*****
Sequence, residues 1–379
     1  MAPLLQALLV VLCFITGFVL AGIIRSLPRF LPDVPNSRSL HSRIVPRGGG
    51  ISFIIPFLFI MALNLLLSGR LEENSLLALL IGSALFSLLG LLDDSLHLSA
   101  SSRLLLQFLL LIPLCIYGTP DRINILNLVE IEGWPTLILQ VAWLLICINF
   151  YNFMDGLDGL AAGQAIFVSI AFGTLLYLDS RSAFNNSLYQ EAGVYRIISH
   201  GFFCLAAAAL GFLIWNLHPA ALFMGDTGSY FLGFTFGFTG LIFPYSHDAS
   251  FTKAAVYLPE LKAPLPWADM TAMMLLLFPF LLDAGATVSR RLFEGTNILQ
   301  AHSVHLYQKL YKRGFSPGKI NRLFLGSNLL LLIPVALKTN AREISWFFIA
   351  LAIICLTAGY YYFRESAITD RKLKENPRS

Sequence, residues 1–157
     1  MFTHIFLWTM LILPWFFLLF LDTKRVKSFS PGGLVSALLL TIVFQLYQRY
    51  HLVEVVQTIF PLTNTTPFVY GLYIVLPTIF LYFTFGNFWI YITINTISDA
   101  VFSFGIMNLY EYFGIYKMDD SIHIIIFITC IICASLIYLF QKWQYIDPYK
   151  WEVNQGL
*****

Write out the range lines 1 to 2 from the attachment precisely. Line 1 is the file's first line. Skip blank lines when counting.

Sequence, residues 1–379
     1  MAPLLQALLV VLCFITGFVL AGIIRSLPRF LPDVPNSRSL HSRIVPRGGG